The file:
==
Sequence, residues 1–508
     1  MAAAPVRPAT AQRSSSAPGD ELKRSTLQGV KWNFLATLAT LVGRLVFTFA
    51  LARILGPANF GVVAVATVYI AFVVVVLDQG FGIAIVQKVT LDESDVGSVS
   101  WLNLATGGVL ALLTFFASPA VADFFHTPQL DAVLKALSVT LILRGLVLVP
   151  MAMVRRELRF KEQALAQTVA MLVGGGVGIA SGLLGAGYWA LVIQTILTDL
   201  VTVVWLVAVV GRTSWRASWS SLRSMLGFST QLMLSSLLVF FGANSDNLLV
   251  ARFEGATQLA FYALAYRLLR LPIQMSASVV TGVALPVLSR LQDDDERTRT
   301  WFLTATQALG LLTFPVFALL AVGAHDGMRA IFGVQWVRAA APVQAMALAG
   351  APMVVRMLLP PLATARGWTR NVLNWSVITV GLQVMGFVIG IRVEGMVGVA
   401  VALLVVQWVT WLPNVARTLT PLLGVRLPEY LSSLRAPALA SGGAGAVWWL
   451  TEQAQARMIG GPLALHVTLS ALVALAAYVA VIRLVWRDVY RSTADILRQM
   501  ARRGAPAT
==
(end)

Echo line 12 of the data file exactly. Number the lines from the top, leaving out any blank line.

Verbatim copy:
   501  ARRGAPAT